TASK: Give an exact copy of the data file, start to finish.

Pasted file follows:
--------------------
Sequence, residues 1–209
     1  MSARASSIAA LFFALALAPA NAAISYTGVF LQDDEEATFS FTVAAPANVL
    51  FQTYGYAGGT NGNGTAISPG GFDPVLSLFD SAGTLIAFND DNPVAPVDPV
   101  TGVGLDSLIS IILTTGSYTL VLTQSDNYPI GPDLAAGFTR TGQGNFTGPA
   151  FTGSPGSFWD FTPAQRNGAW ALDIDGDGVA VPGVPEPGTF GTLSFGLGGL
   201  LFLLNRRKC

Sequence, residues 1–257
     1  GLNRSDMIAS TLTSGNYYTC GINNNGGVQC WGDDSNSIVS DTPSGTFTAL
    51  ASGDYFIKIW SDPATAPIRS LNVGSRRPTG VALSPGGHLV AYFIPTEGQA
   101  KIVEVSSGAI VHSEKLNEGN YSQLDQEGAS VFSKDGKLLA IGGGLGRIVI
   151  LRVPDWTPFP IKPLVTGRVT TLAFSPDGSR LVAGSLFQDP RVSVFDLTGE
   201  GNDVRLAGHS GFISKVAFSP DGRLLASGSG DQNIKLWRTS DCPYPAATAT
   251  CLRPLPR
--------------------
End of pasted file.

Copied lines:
Sequence, residues 1–209
     1  MSARASSIAA LFFALALAPA NAAISYTGVF LQDDEEATFS FTVAAPANVL
    51  FQTYGYAGGT NGNGTAISPG GFDPVLSLFD SAGTLIAFND DNPVAPVDPV
   101  TGVGLDSLIS IILTTGSYTL VLTQSDNYPI GPDLAAGFTR TGQGNFTGPA
   151  FTGSPGSFWD FTPAQRNGAW ALDIDGDGVA VPGVPEPGTF GTLSFGLGGL
   201  LFLLNRRKC

Sequence, residues 1–257
     1  GLNRSDMIAS TLTSGNYYTC GINNNGGVQC WGDDSNSIVS DTPSGTFTAL
    51  ASGDYFIKIW SDPATAPIRS LNVGSRRPTG VALSPGGHLV AYFIPTEGQA
   101  KIVEVSSGAI VHSEKLNEGN YSQLDQEGAS VFSKDGKLLA IGGGLGRIVI
   151  LRVPDWTPFP IKPLVTGRVT TLAFSPDGSR LVAGSLFQDP RVSVFDLTGE
   201  GNDVRLAGHS GFISKVAFSP DGRLLASGSG DQNIKLWRTS DCPYPAATAT
   251  CLRPLPR